Let’s Make a Monster

In 1818 Karl Marx was born and Mary Shelley wrote her novel “Frankenstein.” This was no coincidence, writes Russian-American scholar Vadislav (George) Krasnov in his collected essays “From the East To the West.” It was fate.

The pair helped usher in and embodied the romantic era that assumed all possibilities in an uncertain world. Just listen to your inner voice and follow its dictates to the paradise awaiting you. Appropriately, both were aspiring poets of some invention, but their voices led them in unexpected directions, a romantic reverse.

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The wife of major romantic poet Percy Bysshe Shelley, Mary at 19 decided to write a ghost story about a Dr. Frankenstein who succeeded in bringing a dead body to life – monstrous life, as it turned out and despite his best intentions, enourmously destructive. That is how he has come down through the generations, the epitome of evil in contrast to the uplifting verse of Percy .

The young Marx revered Percy and imitated him. We don’t know if he read Frankenstein, but an early poem is suggestive:

“With disdain I will throw my gauntlet
Full in the face of the world
And see the collapse of this pigmy giant
Whose fall will not stifle my ardour.
Then I will wander godlike and victorious
Through the ruins of the world,
And giving my words an active force
I will be equal to the creator.”

Ten tears later, Marx produced the Communist Manifesto, which came close to remaking the world. Marx had found his calling and it wasn’t poetry. But would it have been possible without the poetry? Krasnov writes: “Unlke Frankenstein, Marx went in the direction of not animating a single human corpse but aiming at the creation of a totally new mankind.”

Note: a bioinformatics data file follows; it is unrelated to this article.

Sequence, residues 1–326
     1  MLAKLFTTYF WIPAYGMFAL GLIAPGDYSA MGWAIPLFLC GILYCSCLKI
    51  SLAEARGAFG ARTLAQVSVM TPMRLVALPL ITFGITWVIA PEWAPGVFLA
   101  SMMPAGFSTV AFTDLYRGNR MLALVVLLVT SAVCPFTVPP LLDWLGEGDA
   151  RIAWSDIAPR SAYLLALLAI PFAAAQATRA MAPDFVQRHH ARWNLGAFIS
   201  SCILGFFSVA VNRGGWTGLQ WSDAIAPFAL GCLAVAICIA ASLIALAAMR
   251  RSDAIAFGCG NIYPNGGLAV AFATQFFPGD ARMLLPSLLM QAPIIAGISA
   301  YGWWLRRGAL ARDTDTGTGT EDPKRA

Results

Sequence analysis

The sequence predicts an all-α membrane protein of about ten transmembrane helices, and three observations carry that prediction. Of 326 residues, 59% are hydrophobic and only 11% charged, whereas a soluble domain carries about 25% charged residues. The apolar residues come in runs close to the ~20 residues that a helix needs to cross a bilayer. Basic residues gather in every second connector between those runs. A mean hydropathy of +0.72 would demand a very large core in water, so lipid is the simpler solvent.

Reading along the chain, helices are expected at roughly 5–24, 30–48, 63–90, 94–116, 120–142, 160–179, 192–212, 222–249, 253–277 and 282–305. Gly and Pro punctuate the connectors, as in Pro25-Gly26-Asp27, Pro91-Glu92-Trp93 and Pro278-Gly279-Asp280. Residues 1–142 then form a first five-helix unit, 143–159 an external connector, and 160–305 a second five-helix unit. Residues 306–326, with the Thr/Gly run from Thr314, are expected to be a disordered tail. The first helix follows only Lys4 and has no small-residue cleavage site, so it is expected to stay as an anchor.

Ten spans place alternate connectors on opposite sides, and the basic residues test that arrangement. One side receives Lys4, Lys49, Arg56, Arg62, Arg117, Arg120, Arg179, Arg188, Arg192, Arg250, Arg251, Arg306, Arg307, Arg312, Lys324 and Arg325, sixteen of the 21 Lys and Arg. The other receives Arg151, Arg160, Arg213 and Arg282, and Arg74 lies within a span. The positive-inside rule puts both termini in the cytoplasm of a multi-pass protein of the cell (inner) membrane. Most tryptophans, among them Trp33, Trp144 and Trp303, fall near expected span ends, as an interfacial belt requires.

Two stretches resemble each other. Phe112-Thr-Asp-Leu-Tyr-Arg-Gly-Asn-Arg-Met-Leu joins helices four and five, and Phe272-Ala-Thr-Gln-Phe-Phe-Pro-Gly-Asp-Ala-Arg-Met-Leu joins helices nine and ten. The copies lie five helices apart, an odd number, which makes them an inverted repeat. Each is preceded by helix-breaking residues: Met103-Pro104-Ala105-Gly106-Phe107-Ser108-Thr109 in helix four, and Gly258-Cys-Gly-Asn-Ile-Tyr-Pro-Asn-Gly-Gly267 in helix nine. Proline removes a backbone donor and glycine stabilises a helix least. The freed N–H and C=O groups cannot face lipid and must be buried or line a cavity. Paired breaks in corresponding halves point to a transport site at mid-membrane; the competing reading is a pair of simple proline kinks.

Dr. Frankenstein was appalled at the monster he had created and tried unsuccessfully to make him lifeless again. Krasnov thinks Marx, too, would have been revulsed by the monster Communism created in his name in Russia. And it couldn’t be undone, at least not for seventy-five years.

Krasnov writes admiringly of the great Russian writer Alexander Solzhenitsyn whose life of grim hardship under Stalinist rule was the opposite of romantic. Yet through his writings about the suffering of millions in Soviet labor camps he was able to contribute significantly to the removal of that beast. It can be done.

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